In the 19th- and early-20th centuries, the authors report, naturalists documented flamingo sightings in a number of Florida locations, including the Anclote Keys, Indian Key, Key Largo, and areas close to Cape Sable, Marco Island, and Miami. Eggs held by four museums, including the Yale Peabody Museum of Natural History, and Harvard University’s Museum of Comparative Zoology, suggest that flamingos were nesting in the state in the late 1800s. The eggs at Yale are paired with a card stating they were collected in the Florida Keys in June 1884, and are scribbled with the inscription “585,” the number for American Flamingos on an 1880 checklist of American birds.

Museum records aren’t always reliable, the authors caution: None of these are accompanied by detailed field notes, and labeling can be inconsistent or even fraudulent. On the other hand, it’s not surprising that more eggs didn’t end up in museum collections, the authors add, because expeditions to nests were wildly inconvenient—eggs were incubated in salt flats that were far from roads and frustratingly shallow for boats. The collection dates on the labels do line up with known nesting seasons for flamingos in the Bahamas and Cuba.

On the whole, the authors conclude, “there is overwhelming evidence both from narrative accounts and from museum records that American Flamingos occurred naturally in large flocks in Florida.” These flocks were regularly 500 to 1,000 birds strong, and sometimes topped 2,500 members. Flamingos were hunted in large numbers for their plumes, skin, and meat, and the historical population was nearly wiped out by 1900.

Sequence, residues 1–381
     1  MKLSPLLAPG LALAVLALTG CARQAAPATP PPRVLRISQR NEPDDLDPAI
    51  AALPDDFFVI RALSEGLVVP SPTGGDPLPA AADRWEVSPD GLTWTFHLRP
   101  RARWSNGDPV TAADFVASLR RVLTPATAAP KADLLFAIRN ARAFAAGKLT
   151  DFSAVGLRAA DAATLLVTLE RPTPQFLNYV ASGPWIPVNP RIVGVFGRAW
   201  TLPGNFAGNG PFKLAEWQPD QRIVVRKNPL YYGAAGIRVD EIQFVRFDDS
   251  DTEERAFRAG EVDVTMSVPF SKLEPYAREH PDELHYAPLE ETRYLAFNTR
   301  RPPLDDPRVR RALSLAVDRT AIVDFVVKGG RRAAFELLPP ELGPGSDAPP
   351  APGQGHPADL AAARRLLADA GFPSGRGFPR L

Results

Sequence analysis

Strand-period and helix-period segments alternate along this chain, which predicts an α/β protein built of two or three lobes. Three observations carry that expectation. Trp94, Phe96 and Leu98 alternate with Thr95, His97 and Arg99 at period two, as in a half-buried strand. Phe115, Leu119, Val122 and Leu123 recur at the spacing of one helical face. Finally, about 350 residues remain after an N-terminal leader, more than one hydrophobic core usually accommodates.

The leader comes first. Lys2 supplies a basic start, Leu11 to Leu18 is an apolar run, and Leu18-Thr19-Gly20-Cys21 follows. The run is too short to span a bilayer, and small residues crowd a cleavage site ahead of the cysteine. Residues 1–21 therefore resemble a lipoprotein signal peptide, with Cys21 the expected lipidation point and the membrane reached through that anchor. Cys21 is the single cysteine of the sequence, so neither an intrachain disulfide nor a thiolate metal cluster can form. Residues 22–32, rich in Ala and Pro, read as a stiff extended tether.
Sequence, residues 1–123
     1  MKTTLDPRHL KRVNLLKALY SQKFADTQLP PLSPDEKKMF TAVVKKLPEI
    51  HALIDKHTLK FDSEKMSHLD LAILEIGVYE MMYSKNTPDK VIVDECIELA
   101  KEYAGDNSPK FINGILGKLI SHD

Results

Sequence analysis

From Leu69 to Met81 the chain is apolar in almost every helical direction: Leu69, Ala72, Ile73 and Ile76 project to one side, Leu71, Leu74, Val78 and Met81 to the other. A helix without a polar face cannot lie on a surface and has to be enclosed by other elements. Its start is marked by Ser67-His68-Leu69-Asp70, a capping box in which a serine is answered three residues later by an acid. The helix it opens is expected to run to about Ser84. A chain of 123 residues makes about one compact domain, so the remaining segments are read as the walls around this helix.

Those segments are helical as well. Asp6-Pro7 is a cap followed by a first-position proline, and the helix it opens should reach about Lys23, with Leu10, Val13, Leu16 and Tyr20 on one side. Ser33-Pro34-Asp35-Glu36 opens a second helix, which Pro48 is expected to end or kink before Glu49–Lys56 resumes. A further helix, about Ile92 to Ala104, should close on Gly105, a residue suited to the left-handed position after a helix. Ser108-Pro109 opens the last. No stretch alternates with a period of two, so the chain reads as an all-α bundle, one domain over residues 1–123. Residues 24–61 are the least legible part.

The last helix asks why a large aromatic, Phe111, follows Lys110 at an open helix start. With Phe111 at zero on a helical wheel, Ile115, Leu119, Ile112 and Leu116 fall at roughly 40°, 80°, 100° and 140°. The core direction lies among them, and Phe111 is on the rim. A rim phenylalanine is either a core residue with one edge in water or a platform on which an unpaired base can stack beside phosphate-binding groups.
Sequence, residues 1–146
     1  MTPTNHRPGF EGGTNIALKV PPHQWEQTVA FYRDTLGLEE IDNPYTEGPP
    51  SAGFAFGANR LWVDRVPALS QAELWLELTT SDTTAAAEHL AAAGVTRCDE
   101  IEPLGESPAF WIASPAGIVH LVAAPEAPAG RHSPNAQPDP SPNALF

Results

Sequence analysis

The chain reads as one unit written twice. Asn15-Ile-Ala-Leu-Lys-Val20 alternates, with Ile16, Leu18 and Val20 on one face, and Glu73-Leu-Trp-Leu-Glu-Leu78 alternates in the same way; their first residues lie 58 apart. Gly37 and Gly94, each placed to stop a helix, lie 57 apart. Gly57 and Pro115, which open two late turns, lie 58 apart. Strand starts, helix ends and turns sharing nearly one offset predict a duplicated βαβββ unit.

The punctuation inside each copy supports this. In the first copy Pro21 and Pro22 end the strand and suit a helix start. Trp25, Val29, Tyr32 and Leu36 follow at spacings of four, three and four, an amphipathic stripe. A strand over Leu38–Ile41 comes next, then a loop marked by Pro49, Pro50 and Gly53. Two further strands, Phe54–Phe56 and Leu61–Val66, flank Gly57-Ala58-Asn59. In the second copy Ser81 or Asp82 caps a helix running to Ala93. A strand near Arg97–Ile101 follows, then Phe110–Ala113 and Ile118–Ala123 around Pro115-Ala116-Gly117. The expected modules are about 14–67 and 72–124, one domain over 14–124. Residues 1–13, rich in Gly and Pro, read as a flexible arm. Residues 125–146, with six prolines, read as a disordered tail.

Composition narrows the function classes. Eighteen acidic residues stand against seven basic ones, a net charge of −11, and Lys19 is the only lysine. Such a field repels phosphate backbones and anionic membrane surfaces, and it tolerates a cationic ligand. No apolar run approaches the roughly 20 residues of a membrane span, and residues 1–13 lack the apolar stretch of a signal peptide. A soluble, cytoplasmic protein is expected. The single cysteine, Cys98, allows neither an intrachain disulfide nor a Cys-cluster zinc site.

Sightings were sparse for decades. Then, drawing on citizen science data, the authors mark an increase of wild flamingos spotted in the state between 1950 and 2017, particularly in the Florida Keys. Still, the picture isn’t entirely rosy: The population has never quite returned to a healthy state.

“We do, sort of, have flamingos, but we don’t have the resident breeding population that we used to,” Whitfield says. “Individuals fly in from the Bahamas or Cuba, forage a little while, and leave.” While there were once clusters of thousands of birds, Whitfield says, “we’re nowhere near that now.” The largest recent sighting was 150 individuals, and they didn’t hang around very long.